Venezuela: "Workers' control is the only way forward"

Interview with Hermann Albrecht of the Bolivarian University Front at the Simon Bolivar University in Caracas.


How would you describe the policies of Chavez since he came to power?

First of all he introduced a new constitution that was discussed by the people and later on voted on and approved. It is a major breakthrough because it establishes the involvement of the people in all economic and political fields. For example within this new constitution people have the right to elect all government officials and they can also be revoked halfway through their mandate. But unfortunately it also limits the scope of the revolution since it accepts the concept of private property.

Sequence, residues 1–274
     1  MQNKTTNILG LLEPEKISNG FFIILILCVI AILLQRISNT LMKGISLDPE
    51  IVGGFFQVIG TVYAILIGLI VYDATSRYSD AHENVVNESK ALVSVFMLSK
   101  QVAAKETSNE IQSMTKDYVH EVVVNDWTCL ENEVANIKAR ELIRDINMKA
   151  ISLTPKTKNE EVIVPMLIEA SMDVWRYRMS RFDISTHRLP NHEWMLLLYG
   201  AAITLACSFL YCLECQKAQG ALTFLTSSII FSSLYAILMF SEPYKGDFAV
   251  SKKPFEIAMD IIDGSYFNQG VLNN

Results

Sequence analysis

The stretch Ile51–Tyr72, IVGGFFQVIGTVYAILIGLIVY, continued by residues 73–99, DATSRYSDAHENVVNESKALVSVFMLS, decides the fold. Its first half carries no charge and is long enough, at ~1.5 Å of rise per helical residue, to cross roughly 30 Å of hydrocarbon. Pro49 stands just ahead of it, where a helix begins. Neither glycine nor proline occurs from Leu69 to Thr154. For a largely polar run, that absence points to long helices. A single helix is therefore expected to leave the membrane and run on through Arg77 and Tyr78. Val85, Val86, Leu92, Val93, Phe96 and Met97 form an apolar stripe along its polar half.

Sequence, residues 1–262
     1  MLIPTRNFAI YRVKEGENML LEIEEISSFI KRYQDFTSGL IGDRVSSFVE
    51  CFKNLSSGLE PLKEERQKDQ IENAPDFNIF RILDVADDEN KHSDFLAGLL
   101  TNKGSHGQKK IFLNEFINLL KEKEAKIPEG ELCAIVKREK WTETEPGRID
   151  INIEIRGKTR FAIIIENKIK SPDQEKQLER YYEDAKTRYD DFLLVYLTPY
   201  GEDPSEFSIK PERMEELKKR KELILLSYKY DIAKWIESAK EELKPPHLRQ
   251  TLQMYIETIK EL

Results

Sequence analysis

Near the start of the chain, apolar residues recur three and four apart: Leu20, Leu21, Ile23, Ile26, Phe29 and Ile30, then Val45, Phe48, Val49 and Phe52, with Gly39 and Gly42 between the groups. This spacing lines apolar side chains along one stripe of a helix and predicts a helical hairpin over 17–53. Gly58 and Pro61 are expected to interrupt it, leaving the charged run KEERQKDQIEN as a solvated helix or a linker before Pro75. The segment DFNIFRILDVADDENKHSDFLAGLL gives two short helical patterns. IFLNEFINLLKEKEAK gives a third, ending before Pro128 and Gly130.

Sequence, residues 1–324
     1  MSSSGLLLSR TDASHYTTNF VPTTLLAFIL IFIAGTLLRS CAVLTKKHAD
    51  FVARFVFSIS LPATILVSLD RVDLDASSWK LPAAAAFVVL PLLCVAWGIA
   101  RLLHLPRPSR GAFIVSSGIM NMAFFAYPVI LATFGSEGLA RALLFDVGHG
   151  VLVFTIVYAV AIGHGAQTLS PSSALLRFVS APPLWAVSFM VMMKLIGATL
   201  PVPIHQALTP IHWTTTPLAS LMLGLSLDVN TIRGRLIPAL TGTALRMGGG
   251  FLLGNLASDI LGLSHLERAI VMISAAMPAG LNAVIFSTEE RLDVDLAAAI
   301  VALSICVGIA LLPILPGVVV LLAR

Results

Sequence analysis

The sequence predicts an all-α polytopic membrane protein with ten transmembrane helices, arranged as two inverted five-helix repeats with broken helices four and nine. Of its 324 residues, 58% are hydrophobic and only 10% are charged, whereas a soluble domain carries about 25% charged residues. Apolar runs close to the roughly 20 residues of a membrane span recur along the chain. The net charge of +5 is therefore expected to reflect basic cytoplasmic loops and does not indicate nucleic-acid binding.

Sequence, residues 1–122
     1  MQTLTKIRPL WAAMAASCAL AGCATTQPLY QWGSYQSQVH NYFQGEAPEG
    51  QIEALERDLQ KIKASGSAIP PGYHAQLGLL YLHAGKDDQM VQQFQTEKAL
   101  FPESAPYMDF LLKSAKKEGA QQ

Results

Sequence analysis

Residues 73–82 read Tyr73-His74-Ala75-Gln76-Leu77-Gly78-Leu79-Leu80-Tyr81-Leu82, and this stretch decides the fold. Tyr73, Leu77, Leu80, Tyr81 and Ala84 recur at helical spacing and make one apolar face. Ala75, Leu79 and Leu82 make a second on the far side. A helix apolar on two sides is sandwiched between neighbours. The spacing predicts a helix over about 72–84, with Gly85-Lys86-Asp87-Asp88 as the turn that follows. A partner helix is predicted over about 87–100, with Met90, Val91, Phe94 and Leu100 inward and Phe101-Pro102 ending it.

Another important feature is that apart from dividing the state into three parts, the executive power, the assembly and the judicial power, the new constitution has added the "moral power". The moral power is there to protect the people and regulates what the other parts of the state can do. Also this new constitution provides mechanisms which allow improvements or modifications of the constitution at any time. It also introduces the concept of local organisation committees and in all fields it allows and promotes the people's participation. But the essential fact is that since it protects private property, the economic policy of the constitution remains a reformist one and not a revolutionary one.